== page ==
This system became, sadly, the poster child for “what happens when incumbents use an agency against new entrants.” The broadcaster spent about 15 years beating up on cable and doing what they could to prevent it from becoming a competitive threat. So, in 1984, Congress decided to deregulate cable and insulate it from FCC or local regulation. This became known as the Cable Act of 1984. But in the midst of this deregulatory frenzy, some folks asked what would happen if cable actually became the dominant means for delivering video? If that happened, they argued, we’d want the FCC to protect diversity, yes?
So Congress included Section 612(g). If 70% the country is served by cable systems with 36 or more activated channels, and 70% of the people with access to these systems subscribe, then the FCC has authority to put in place whatever regulations it deems necessary to protect and enhance the available of diverse voices on cable.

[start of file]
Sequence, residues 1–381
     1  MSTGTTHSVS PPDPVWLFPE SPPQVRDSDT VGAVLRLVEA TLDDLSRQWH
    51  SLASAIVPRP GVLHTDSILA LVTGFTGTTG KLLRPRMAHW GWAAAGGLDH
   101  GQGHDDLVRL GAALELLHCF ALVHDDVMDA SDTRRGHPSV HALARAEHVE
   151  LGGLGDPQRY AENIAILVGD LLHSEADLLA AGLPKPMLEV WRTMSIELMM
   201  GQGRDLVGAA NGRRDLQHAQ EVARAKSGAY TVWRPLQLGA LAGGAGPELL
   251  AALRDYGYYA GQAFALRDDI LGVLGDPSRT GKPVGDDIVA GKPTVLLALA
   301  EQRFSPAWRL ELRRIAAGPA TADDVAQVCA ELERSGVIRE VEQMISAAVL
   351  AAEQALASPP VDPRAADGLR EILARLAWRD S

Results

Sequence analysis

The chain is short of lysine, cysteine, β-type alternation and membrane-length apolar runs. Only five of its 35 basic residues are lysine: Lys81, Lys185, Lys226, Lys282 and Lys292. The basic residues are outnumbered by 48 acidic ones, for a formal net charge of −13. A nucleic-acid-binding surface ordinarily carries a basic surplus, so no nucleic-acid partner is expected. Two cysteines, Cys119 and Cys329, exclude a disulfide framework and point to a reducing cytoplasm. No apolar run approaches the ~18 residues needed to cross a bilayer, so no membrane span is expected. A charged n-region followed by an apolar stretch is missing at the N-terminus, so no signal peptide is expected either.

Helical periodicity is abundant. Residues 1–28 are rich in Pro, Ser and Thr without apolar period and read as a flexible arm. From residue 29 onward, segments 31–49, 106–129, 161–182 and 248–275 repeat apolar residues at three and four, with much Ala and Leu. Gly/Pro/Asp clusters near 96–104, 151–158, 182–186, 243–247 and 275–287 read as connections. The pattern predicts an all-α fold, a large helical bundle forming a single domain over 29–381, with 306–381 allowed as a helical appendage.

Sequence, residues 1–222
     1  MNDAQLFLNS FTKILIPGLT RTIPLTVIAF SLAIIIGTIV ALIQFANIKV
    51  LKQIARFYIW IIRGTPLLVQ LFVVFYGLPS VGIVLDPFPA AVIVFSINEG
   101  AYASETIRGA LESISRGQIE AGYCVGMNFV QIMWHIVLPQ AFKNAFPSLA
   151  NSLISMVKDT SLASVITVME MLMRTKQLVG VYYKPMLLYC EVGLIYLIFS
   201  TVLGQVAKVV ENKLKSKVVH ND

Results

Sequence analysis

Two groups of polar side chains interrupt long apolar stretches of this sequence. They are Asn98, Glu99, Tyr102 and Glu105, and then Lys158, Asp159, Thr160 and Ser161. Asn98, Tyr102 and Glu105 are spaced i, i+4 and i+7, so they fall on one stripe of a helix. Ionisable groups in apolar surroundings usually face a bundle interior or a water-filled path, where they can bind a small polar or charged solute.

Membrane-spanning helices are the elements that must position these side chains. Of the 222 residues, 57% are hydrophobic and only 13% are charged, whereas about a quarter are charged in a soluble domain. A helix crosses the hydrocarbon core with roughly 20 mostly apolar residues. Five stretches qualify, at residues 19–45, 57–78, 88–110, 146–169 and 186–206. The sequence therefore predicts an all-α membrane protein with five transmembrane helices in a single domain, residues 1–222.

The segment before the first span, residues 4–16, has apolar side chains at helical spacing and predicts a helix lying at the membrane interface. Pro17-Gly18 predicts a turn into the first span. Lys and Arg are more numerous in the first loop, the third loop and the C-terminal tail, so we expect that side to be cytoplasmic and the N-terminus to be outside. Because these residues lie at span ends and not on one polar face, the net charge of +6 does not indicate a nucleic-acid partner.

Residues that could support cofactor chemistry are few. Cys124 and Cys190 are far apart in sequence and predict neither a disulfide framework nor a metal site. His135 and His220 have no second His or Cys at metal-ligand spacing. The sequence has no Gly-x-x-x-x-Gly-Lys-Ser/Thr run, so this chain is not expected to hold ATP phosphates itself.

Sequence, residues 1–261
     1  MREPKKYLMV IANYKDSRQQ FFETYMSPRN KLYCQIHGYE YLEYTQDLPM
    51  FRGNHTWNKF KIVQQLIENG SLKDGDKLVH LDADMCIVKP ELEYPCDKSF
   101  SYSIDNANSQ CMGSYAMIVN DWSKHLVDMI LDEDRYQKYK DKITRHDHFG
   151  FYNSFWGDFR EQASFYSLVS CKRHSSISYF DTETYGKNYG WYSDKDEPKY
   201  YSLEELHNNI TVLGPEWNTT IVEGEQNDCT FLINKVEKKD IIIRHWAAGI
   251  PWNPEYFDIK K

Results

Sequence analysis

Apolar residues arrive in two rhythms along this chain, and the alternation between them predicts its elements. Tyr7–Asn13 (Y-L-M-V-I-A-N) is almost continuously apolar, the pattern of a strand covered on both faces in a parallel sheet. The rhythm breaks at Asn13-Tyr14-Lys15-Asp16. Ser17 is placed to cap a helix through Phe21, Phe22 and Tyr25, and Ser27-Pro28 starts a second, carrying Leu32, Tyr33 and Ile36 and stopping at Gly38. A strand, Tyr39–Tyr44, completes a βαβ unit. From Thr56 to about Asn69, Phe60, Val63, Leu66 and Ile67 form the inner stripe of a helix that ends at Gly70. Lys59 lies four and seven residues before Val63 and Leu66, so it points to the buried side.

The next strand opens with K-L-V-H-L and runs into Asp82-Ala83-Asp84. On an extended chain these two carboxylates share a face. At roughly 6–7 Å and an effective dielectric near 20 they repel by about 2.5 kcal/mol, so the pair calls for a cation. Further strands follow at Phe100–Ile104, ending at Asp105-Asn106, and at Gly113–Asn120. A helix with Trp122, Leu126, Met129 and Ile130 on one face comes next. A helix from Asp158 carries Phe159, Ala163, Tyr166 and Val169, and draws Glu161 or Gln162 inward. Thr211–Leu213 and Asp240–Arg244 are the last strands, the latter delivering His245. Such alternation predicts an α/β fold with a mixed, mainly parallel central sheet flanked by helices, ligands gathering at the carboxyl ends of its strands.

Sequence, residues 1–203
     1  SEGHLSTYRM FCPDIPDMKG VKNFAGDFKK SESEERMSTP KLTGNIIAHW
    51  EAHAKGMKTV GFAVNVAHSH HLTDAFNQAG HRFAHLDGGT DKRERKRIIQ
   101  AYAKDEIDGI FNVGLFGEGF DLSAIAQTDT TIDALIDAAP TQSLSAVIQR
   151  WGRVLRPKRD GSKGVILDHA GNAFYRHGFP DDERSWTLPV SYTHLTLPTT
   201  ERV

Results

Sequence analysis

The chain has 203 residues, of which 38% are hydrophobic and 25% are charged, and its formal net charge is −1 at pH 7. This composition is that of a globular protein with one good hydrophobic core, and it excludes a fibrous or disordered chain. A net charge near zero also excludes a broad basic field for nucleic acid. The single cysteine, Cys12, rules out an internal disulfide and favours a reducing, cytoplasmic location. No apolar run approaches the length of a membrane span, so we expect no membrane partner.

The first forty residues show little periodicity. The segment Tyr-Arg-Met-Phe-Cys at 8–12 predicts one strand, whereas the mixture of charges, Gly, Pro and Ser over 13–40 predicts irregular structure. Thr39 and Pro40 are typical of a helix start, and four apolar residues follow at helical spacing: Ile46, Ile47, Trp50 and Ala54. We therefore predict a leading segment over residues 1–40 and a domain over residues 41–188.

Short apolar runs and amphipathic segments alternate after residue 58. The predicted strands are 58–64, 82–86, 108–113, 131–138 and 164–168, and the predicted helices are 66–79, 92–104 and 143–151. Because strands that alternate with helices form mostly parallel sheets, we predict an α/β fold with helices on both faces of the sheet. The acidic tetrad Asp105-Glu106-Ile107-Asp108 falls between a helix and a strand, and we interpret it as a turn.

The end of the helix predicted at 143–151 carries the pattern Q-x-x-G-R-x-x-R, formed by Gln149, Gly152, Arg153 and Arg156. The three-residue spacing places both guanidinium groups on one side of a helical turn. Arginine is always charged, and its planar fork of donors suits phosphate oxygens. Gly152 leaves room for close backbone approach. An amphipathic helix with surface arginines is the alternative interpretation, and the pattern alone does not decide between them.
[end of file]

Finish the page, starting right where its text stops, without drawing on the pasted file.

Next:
This provision proved enormously foresighted. Cable has become the dominant means of delivering video programming. Congress’ efforts in 1992 and 1996 to create new competitors created both DBS and an opening for the telcos to come play, as well as the occasional overbuilder like RCN. But cable remains dominant — especially in its ability to control programming. Independent programmers — defined as programmers not affiliated with cable conglomerates like Comcast or Time Warner, boadcasting conglomerates like Disney or Viacom, or John Malone’s Liberty Media (which grew its market share when Malone also owned the largest cable company) — are pretty much dead or dying. The Oxygen Channel sold itself off to NBC for about $500 Million less than analysts had predicted, leaving damn few independent networks standing. Of those, even the most successful, like Hallmark, find themselves paid about a fifth as much as channels with poorer ratings but the right affiliations (cable or broadcasting). (Perhaps coincidentally, Comcast has been eliminating both Oxygen and Hallmark from its basic line up.)